Tuesday, February 21, 2012

Guest Blog Post: Community

Our friend and colleague Keith Toda is gracing our blog today with his thoughts on community as it concerns Latin teachers--specifically Latin teachers who use spoken Latin in our classes.  I am excited to share this with you and the only alterations I have made is to link a few sites to certain words for clarification.

A few weeks ago, on Evan's last night with me in Atlanta, I asked him where he would like to go for dinner. His response: wherever you and other Latin speakers go to eat and to hang out speaking Latin. My response: Umm...I don't know of a place like that, because we Latin speakers in Atlanta do not get together to do this (at least, not that I know of). In fact, I admitted to him that when he, Miriam, Rachel and I were conversing in Latin the night before, that was actually the first time since Rusticatio 2011 where I had actually spoken Latin in a conversation (so roughly 6 months). He was actually quite shocked and kept prodding me that I needed to do something about it and that I should organize a regular Latin conversation night of some kind. Honestly, I wanted to ask him why he was taking such an interest in something like this, but I ended up changing the conversation very quickly because I felt like I was being grilled.
It was not until after Evan left and as I began to process everything from that weekend that I understood what he was trying to tell me: how do you expect to improve your own Latin speaking skills if you do not have a community which will help you to achieve this? How will others do the same? And how can you introduce newcomers to speaking Latin if there is no true Latin speaking community in your area? 
I understand how correct he is in this, but the reality is that life in general does not always allow for this, as we all have our own commitments (job, family, personal). But Evan is right, and the keyword is community; what we do not need is a Latin-speaking group but a Latin speaking community: a group of Latin speakers simply converses, but a community of Latin speakers is interested in the improvement of others' abilities and is committed to working towards that end for each other. In a group, a speaker is simply a participant, but in a community, a person is a member. In a group, speakers focus only on themselves, but in a community, people are interested in ever expanding the boundaries to include new members.
In many ways, we as teachers strive to create a community in our classrooms. And in a world language classroom, I think that this is vitally important for us to create an environment where students feel safe and that they are a valued part of the whole. Trust needs to be established, as we are asking them to learn and then to produce a skill, and if students are not on board with what we are doing, then it is all for naught. We must do everything we can to lower their affective filters by creating a safety net environment. I love Nancy Llewellyn's opening Rusticatio talk where, holding a small circular bathmat, she tells participants, "See this spot?" and then throwing it on the floor, she says,  "I will never put you on it. Let me put myself on it." I love Evan's techniques slowly, say it again, three times, pull me through, mumble, etc. because they add to the safety net environment by allowing students to tell you, the teacher, that they are not understanding something in a totally non-threatening way. One of the mantras which I always tell my students is that "If you are not understanding something which I am saying in Latin, then that is my fault, not yours."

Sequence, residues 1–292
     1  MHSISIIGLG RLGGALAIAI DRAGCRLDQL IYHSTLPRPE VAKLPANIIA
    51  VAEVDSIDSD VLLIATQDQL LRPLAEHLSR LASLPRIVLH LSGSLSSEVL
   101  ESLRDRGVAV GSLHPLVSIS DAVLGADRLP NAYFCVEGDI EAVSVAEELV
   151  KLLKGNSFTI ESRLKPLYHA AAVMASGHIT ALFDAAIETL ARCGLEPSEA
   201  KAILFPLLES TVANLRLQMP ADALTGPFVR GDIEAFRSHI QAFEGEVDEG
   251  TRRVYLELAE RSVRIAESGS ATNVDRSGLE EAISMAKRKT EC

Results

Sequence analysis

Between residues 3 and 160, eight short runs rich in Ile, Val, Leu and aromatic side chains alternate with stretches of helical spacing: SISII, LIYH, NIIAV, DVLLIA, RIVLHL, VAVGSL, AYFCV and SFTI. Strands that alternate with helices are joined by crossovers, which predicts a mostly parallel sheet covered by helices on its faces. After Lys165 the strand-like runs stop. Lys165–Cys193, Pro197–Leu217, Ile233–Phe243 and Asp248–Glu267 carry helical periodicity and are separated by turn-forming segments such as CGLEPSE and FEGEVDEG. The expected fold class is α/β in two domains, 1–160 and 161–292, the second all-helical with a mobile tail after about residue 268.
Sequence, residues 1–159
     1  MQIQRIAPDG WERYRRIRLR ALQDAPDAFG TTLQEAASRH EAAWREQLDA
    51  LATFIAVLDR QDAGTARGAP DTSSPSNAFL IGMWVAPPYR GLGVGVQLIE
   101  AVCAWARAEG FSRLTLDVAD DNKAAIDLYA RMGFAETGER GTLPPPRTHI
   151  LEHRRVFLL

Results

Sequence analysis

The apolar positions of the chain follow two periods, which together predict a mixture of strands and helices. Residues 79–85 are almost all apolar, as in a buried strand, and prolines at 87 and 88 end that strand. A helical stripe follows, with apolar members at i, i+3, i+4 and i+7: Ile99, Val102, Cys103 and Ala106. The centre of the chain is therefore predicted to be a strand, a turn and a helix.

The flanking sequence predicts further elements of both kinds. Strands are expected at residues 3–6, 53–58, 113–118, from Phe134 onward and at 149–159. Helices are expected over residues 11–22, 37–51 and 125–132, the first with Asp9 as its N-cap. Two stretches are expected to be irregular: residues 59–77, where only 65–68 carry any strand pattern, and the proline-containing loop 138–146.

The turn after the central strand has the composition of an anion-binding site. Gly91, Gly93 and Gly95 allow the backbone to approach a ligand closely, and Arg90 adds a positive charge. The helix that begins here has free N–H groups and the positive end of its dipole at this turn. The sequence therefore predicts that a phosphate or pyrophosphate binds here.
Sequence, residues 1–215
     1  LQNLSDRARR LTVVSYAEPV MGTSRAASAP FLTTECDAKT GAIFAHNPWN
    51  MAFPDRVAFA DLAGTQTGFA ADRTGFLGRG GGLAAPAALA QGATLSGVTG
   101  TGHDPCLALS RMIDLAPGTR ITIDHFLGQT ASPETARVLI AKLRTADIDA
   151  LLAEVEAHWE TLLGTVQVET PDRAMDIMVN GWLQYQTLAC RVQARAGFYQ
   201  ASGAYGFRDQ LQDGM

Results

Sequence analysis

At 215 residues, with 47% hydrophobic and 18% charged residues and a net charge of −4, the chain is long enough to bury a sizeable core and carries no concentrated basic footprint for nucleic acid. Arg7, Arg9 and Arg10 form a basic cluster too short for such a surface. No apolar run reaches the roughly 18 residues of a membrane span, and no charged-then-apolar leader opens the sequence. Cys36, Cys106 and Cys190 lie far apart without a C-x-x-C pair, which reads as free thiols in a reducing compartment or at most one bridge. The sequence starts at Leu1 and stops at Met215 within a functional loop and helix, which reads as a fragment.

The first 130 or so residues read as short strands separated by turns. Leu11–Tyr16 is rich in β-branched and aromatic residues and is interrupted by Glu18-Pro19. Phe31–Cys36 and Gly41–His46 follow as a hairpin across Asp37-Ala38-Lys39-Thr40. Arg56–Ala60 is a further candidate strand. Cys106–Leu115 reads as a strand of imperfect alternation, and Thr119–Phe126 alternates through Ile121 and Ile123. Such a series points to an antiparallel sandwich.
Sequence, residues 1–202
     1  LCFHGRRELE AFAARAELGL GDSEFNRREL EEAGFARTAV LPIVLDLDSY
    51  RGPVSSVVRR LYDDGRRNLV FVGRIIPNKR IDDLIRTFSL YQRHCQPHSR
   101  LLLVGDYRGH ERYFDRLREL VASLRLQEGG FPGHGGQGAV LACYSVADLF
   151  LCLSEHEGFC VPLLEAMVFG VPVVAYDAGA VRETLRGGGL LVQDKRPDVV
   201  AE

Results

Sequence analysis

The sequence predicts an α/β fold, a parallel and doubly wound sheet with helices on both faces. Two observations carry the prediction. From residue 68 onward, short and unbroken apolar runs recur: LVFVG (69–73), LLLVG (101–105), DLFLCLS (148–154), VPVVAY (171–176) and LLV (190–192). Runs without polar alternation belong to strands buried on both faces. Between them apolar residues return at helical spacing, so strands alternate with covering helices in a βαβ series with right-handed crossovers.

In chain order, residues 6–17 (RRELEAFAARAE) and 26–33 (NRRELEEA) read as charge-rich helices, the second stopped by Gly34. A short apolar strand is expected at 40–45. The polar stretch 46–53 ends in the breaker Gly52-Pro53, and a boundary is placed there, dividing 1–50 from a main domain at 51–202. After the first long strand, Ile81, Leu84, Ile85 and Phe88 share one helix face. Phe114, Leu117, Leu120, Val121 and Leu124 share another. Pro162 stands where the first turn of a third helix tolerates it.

Right now, the model which we have set up for the classroom is a teacher-student modality, but what would a classroom community look like if it also included student-student, where students were helping (and even teaching!) each other based on the same kind of communal understanding? One of my goals for this summer is to think about how to achieve this.
Anyhow, yesterday I took Evan's advice and hosted a Prandium Latinum at my house. Six Latin teachers from my district showed up, and quite honestly, more wanted to attend but had other commitments due to the holiday weekend. I really had a good time, and what I liked most was simply enjoying each other's company purely Latine. All of us (except one) are Rusticatio alumns, so I think that we all had been craving Latin conversation of some kind (speaking Latin to students in a classroom as a teacher is NOT the same at all as conversing in Latin). In fact, we are already planning our next gathering for March and hopefully, this will become a monthly meetup and more folks will attend.
Right now, we are group of Latin speakers; as time progresses, I would like to see this group develop into a community of Latin speakers, and I think that we are on the right track.

Shortly after I finished editing this post, Miriam posted about her own classroom community!  


  1. I cannot agree with you more. I have no one really to speak to, though from time to time will go into an all Latin mode at school. The GT kids love it, but the other kids freak out. Today, though, I had a ton of mardi gras beads and suddenly MY wanting to talk in Latin was met: I was asking visne habere monile? And one by one they realized all they had to say was VOLO habere monile. Then they wanted to specify what color they wanted. Talk about a teachable moment. I suddenly wished I knew my way around WAYK so I could have dived into that....

  2. Salve Ginny! I suggest following Miriam's posts--she is diving into WAYK as we type and experimenting with the technique in a classroom setting.

    I bet you can find someone to speak with in your area!